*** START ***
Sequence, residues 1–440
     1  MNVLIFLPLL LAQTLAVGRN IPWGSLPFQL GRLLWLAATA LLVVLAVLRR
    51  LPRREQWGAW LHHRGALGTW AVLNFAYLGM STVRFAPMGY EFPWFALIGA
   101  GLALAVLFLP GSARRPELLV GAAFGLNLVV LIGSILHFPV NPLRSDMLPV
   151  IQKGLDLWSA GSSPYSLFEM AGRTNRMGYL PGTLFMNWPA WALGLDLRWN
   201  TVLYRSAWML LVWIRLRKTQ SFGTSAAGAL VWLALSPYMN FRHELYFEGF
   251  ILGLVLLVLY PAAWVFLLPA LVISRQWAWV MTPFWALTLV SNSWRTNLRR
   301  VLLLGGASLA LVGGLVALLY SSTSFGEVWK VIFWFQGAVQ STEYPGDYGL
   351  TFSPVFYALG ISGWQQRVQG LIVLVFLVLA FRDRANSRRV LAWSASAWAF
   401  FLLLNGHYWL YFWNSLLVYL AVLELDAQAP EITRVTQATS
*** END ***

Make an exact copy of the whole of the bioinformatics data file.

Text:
Sequence, residues 1–440
     1  MNVLIFLPLL LAQTLAVGRN IPWGSLPFQL GRLLWLAATA LLVVLAVLRR
    51  LPRREQWGAW LHHRGALGTW AVLNFAYLGM STVRFAPMGY EFPWFALIGA
   101  GLALAVLFLP GSARRPELLV GAAFGLNLVV LIGSILHFPV NPLRSDMLPV
   151  IQKGLDLWSA GSSPYSLFEM AGRTNRMGYL PGTLFMNWPA WALGLDLRWN
   201  TVLYRSAWML LVWIRLRKTQ SFGTSAAGAL VWLALSPYMN FRHELYFEGF
   251  ILGLVLLVLY PAAWVFLLPA LVISRQWAWV MTPFWALTLV SNSWRTNLRR
   301  VLLLGGASLA LVGGLVALLY SSTSFGEVWK VIFWFQGAVQ STEYPGDYGL
   351  TFSPVFYALG ISGWQQRVQG LIVLVFLVLA FRDRANSRRV LAWSASAWAF
   401  FLLLNGHYWL YFWNSLLVYL AVLELDAQAP EITRVTQATS